Blog SEO (Search Engine Optimization) is more important than ever when it comes to getting your blog posts noticed on search engines like Google.
Today, that makes SEO for bloggers one of the primary concerns worth dedicating a lot of time & effort to learning and implementing during your content creation process.
Now that we’re in 2020, a whopping 93% of online experiences start with a search engine, and for 92.04% of those users, Google is their search engine of choice.
For many content creators, blog SEO sounds incredibly complex. It’s easy to think no list of blog SEO strategies could ever make a meaningful difference. Others make Google out to be a grim reaper that hand-picks which blogs to let live, and which ones to deprive of precious organic search traffic.
Six years ago when I first started learning how to start a blog, I felt like that too—completely overwhelmed and not sure which blog SEO strategies would actually work, versus which ones would only waste my precious time.
But in growing my blog to millions of yearly readers, I’ve learned that Google isn’t out to get you.
The search engine giant actually needs you. They crave fresh, high-quality content that gives their users the best possible answers to the questions they’re asking.
And that’s what blog SEO is all about. It’s relating your blog content to the solutions people are looking for—and giving search engines the chance to recognize your relevant, quality content.
So, what if that’s exactly what you’re doing… but your blog still isn’t getting traffic?
Employe these 10 blog SEO strategies, and it will.
These are the exact strategies, principles and blogging tips I’ve used to grow this blog from zero to 584,958 readers a month, and I’m going to show you blog SEO isn’t some mysterious, indomitable beast.
10 Blog SEO Strategies to Get 584,958+ Readers/Mo (SEO for Bloggers)
- Nail your keyword research
- Focus on user intent (not search engines)
- Take your time writing blog SEO-friendly headlines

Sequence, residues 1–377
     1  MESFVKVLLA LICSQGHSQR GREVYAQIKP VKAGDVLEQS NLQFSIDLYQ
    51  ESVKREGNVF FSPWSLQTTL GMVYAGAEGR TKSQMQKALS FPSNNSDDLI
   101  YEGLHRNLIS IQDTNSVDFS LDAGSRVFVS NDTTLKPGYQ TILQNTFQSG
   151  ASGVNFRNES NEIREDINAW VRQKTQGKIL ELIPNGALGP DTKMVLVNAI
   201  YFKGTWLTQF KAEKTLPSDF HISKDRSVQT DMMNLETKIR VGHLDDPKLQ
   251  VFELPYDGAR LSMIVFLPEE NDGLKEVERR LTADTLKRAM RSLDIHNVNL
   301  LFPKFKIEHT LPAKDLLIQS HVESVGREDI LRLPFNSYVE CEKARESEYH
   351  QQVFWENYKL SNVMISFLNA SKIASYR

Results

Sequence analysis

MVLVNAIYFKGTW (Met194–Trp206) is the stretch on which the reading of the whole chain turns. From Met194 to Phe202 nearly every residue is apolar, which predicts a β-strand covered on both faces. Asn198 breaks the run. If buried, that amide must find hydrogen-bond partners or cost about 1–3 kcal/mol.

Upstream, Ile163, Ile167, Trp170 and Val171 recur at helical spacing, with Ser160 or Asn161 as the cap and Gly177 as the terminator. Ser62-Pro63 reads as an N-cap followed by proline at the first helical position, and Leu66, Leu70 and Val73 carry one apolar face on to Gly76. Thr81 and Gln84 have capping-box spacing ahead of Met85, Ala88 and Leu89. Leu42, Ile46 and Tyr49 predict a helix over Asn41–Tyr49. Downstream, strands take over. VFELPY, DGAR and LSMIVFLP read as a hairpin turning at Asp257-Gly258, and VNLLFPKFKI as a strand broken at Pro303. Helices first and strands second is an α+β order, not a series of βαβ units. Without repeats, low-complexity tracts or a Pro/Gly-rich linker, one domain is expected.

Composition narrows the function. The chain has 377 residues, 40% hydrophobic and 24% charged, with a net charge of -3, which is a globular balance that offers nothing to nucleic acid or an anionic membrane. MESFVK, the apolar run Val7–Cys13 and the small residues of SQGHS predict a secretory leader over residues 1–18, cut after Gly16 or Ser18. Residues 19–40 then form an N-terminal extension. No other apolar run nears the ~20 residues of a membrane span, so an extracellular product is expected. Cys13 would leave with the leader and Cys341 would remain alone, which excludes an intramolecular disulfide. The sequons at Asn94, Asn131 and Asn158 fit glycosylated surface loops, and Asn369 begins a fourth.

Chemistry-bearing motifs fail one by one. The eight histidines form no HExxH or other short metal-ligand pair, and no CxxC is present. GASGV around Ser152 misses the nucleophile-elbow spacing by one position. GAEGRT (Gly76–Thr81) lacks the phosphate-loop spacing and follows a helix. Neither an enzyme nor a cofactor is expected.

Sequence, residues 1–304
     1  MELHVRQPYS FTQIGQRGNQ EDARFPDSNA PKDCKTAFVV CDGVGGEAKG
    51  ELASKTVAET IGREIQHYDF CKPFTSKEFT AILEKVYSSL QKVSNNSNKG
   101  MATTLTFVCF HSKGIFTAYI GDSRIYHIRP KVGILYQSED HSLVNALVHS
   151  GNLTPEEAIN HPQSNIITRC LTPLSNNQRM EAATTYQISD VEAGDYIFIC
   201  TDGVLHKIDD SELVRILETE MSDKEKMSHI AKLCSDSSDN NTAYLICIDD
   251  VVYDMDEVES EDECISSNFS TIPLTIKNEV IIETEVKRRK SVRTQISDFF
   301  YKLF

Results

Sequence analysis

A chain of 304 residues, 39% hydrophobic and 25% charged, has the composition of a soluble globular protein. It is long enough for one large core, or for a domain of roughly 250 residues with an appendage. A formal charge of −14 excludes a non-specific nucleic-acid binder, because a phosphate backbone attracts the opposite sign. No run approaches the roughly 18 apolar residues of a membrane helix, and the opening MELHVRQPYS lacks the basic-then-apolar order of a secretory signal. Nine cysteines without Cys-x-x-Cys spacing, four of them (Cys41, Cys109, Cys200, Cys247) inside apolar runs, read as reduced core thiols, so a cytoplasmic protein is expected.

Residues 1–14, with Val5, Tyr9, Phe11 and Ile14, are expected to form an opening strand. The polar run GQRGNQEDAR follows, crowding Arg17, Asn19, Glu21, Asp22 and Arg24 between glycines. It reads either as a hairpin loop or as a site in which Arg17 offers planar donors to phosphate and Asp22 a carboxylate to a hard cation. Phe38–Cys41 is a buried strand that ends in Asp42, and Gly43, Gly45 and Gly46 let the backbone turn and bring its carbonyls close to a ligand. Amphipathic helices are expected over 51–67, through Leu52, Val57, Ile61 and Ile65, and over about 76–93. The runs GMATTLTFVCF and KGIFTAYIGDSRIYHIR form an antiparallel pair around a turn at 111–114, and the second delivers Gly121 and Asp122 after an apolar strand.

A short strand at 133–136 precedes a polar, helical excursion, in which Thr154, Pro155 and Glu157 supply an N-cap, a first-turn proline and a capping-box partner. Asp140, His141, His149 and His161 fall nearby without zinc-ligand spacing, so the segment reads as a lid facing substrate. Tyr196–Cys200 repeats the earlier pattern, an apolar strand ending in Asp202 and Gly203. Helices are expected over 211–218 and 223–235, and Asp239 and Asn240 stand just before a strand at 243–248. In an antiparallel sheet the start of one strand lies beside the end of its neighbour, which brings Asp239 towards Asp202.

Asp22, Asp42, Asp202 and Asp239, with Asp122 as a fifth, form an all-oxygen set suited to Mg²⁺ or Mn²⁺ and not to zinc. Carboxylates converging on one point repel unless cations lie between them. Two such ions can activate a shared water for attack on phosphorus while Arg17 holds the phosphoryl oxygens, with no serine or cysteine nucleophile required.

- Use the right heading tags
- Optimize your page URL
- Be strategic with your links
- Craft an enticing meta description
- Optimize your images
- Ensure mobile friendliness and reduce page loading times
- Promote your content
Disclosure: Please note that some of the links below are affiliate links and at no additional cost to you, I’ll earn a commission. Know that I only recommend products and services I’ve personally used and stand behind. When you use one of my affiliate links, the company compensates me, which helps me run this blog and keep all of my in-depth content free of charge for readers (like you).
Let’s get started with what you should be doing before, during and after you create a post.
The most fundamental element of all SEO strategies starts with learning how to do keyword research—and finding great keyword opportunities to rank for.
If you use too many of them, at best, your content sounds like it was written by R2-D2. At worst, Google thinks you’re keyword stuffing and penalizes your site’s ranking. Not good.
New blogs also have lower domain authority (when you first make a website) and thus don’t carry the same weight as older, more reputable websites. As a result, ranking for more competitive keywords can be challenging, and your efforts in promoting your blog will take more time to pay off.
If you’re a new blogger, the best type of keywords to try and rank for are:
- Low difficulty
- High volume
- High click-through rate
The goal is to find three to five head keywords (one-to-three word phrases) and one to two long-tail keywords (whole phrases people are searching for). Long-tail keywords have lower traffic and competition but are equally valuable.
And how do you find them?